FULLERENES AND CARBON NANOTUBES Fullerene chemistry continues to be an exciting field generating many articles with promising new applications every year. Magnetic nanoparticles (nanomagnetic materials) show great potential for highdensity magnetic storage media. Recent work has shown that C60 dispersed into ferromagnetic materials such as iron, cobalt, or cobalt-iron alloy can form thin films showing promising magnetic properties. A number of organo-metallic-fullerene compounds have recently been synthesised. Of particular note are a ferrocene-like C60 derivative and pair of fullerenes bridged by a rhodium cluster. Some fullerene derivatives even exhibit superconducting character. There has been a report of a fullerene containing, superconducting field-effect device with a Tc as high as 117 K. Carbon nanotubes (CNTs) are hollow cylinders of carbon atoms. They look similar to rolled tubes of graphite. Their walls are made up of hexagonal carbon rings and are often formed in large bundles. There are two types of CNTs: Single-walled carbon nanotubes (SWNTs): These consist of a single, cylindrical graphene layer. Multi-walled carbon nanotubes (MWNTs): These consist of multiple graphene layers. The unique physical and chemical properties of CNTs, such as structural rigidity and flexibility continue to generate considerable interest. Additionally, CNTs are extremely strong, about 100 times stronger than steel. CNTs can also act as


either conductors or semiconductors depending on their chirality. They possess intrinsic superconductivity, are ideal thermal conductors and can also behave like field emitters.

CARBON NANOTUBE-BASED NANODEVICES Carbon nanotubes have had many experimental breakthroughs that have led to realistic possibilities of using them commercially. The applications include field emission-based flat panel displays, novel semiconducting devices, chemical sensors and ultra-sensitive electromechanical sensors. Carbon nanotubes can have metallic or variable semiconducting properties with energy gaps ranging from a few megaelectronvolts to a few tenths of an electronvolt. Experiments probing the density of states confirm these predictions. Conductivity measurements on single nanotubes have shown rectification effects for some nanotubes and ohmic conductance for others. These properties suggest that nanotubes could lead to a new generation of electronic devices. Simulations to investigate the interaction of water molecules with a nanotube tip revealed an atomistic understanding of the interaction, which is critical when designing commercialquality flat panel displays around carbon nanotubes. Their use as ultra-sensitive electromechanical sensors has also been explored.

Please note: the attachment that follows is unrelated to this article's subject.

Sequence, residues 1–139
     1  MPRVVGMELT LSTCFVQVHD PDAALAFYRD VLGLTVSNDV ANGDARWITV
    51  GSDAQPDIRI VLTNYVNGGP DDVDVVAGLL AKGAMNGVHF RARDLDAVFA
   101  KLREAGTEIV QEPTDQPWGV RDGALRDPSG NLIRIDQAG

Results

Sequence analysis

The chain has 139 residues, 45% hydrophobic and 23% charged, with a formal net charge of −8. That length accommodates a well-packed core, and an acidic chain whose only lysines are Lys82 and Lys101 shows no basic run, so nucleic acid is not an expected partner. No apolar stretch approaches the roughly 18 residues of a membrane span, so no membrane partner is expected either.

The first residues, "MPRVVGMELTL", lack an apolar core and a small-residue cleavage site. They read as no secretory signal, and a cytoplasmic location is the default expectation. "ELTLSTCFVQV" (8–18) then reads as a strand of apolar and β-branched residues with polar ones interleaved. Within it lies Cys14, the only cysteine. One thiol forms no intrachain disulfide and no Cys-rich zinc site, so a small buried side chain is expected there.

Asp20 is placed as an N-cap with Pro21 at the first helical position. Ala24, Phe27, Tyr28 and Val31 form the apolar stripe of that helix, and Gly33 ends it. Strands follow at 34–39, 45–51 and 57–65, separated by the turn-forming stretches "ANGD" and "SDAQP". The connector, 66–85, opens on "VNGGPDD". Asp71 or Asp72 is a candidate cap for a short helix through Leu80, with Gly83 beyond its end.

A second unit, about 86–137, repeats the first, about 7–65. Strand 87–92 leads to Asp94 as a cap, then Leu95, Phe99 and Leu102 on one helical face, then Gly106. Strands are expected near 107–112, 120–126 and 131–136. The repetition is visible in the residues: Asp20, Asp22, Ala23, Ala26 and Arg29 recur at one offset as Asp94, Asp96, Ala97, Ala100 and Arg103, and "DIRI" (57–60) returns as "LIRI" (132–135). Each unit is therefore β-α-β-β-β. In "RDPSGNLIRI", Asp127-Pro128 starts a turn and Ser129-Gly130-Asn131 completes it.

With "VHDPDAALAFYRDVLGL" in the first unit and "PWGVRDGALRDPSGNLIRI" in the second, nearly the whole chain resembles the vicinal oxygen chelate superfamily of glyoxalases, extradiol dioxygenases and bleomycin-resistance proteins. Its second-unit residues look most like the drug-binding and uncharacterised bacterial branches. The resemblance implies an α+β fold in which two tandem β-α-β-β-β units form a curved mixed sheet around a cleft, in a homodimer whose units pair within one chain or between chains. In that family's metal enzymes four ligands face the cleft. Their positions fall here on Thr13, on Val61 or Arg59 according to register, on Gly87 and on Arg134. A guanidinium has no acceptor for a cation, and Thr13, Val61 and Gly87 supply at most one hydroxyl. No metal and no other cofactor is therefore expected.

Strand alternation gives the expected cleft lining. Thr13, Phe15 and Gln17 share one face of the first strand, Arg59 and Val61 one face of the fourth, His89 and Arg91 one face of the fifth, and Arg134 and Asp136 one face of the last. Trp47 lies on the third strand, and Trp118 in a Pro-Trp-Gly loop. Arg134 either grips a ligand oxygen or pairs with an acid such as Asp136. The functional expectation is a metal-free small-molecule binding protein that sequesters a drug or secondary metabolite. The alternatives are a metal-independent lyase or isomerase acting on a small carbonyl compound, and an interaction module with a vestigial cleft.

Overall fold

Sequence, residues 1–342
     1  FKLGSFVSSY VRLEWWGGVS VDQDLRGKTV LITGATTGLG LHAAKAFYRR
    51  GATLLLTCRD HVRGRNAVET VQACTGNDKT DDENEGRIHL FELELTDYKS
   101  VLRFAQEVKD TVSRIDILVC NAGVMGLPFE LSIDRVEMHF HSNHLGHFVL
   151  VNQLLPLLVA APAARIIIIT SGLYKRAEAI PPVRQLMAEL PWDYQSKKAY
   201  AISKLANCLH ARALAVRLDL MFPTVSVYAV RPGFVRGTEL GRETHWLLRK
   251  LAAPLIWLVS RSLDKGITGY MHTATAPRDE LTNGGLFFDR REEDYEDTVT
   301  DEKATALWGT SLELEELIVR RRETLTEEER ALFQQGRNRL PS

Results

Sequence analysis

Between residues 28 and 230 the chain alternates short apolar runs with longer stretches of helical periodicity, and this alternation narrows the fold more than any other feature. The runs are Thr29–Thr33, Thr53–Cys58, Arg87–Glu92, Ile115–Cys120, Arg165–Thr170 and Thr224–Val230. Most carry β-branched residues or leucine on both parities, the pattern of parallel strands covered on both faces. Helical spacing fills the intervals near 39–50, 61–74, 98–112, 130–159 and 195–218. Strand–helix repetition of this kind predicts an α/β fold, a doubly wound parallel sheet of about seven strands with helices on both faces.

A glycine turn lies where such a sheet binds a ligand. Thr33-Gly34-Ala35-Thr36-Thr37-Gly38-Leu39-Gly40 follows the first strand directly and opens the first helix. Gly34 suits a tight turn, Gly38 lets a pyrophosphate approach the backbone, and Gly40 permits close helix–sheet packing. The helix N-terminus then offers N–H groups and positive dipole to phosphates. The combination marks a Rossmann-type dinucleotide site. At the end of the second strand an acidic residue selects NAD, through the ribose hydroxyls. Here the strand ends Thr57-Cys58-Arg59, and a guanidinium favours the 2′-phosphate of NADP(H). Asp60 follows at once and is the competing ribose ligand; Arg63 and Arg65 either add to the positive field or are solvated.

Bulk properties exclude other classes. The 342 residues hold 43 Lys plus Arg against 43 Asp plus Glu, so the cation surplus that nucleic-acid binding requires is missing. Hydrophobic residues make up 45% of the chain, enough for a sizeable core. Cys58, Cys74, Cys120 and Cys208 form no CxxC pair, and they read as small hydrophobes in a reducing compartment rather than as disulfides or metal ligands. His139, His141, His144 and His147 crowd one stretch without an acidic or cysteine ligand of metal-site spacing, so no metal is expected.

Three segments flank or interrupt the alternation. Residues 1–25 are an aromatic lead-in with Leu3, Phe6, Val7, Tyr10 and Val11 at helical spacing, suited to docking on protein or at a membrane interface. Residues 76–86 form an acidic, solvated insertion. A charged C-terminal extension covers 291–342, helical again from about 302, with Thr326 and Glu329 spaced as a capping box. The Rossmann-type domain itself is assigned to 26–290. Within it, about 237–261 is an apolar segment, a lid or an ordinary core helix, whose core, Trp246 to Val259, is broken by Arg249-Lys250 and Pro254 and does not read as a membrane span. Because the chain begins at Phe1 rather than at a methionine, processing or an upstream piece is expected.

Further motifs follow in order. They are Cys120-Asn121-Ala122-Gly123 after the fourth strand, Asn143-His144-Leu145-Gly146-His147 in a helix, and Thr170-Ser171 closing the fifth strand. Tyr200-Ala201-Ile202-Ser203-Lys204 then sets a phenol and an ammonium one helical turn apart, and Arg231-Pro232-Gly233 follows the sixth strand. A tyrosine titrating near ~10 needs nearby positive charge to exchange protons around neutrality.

nanometre sizes, large numbers of reactive end-group functionalities, shielded interior voids and low systemic toxicity. This unique combination of properties makes them ideal candidates for nano-technology applications in both biological and materials sciences.

formation of nanoscale aluminide secondary phases in aluminium alloys, thus increasing their strength and corrosion resistance. Magnetic multilayered materials are one of the most important aspects of nanocomposites as they have led to significant advances in storage media.



Nanostructured films, dispersions, highsurface area materials and supramolecular assemblies are high utility intermediates to many products with improved properties such as solar cells & batteries, sensors, catalysts, coatings and drug delivery systems. They have been fabricated using various techniques. Nanoparticles are obvious building blocks of nanosystems but, require special techniques such as self-assembly to properly align the nanoparticles. Recent developments have lead to air-resistant, room temperature systems for Situated as we are, between theoretical predictions and impending delights of the future, it seems right to take stock and assess the impact of nanomaterials as engineering materials.

nanotemplates with features as small as 67 nm. More traditionally, electron beam systems are used to fabricate devices down to 40 nm.